The Money Is In The List (And Clichés Are Boring)
I’m sure you’ve heard and seen the expression: “Money Is In The List”, but is it really the whole truth?
Being more in the paying than the receiving end of that expression now for many years, I am a living example of that it works for some email marketers within the Internet Marketing nice.
I also know an example of someone for whom sending one email every day to a list of 600+ recipients doesn’t generate any income at all.
The 3rd week’s task in John Thornhill’s “Partnership To Success” (P2S) is to set up an autoresponder to make it possible for blog visitors to sign up for …, supposedly, at least for now, get an email when new content is posted on my blog.
Well, not many will do that, right. With all those, hundreds of thousands of articles written on any subject one can possibly think about within my selected topic (Email Marketing), the chance that I can contribute with anything new is about as fat as I would be able to beat Tyson Fury in the boxing ring.
So, therefore, the next step in our (P2S participants) email marketing efforts will be to bribe accidental visitors to our blogs with something the visitor consider worthy enough to give us one of his third rate email addresses in exchange for.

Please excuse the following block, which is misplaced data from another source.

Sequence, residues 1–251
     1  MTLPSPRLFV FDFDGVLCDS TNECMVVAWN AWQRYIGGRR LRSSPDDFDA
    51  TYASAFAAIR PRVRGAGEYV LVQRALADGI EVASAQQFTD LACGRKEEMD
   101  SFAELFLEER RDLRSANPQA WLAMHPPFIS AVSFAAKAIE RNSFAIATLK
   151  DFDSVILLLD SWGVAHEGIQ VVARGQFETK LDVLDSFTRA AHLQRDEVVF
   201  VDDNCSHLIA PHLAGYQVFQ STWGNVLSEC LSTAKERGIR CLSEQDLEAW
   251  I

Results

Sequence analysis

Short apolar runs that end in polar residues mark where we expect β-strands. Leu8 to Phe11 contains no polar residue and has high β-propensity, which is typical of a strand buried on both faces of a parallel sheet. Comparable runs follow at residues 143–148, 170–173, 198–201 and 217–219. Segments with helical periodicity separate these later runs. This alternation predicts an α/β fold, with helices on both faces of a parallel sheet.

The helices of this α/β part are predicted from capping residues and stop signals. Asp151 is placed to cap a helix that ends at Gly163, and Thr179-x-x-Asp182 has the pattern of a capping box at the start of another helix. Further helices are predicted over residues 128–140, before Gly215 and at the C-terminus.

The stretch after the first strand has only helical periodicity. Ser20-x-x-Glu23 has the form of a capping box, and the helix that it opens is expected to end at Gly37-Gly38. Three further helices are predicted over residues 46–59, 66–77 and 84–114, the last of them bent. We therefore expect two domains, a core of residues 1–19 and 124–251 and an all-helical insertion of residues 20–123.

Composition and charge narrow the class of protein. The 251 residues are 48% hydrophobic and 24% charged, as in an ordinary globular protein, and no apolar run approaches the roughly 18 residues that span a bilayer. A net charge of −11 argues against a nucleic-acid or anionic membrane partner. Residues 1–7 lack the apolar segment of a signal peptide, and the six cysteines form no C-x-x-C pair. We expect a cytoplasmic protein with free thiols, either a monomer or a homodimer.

But more about that when the time comes.
Marketing equals communication
To continue this my rant about email marketing, I want to draw the parallels with my long-time work with marketing offline, not in the IM niche.
My understanding is that marketing equals communication and is an essential part of the overall CRM setup.
The marketer/seller communicates something to a potential customer and the success/sale is determined by the extent to which the right message can be delivered to the right person at the right time.
With that in mind, it is easy to figure out that email as a marketing/communication channel is not the first contact between the marketer and a client. And, if it is the first, it is not the most efficient channel (compare with cold calling).
The success rate of email as a communication channel is totally depending on the relationship between two persons (or, in some cases, between a company/organization/brand and a person).
In a good relationship built on trust and common interests, email marketing is probably the most efficient channel och communication. Emails get opened, read and its links clicked.
In a bad relationship, emails get ignored and all efforts spent preparing and sending them are in vain.
Keep in mind that bad email communication can destroy a good supplier-customer relationship but rarely mend a relationship already gone sour because your attempts might not be seen.
Duplex, Simplex, and Broadcast
Good relationship communication should be two-ways. In the Navy, we had systems which allowed for simultaneous two-way communication, i.e allowing the sender and the receiver to speak at the same time. That technology is called “Duplex” and allows for immediate feedback and interruptions. Then, there were systems which allowed only for communication in one direction at a time. (You’ve heard it in old war movies … “over”). That’s “Simplex” technology.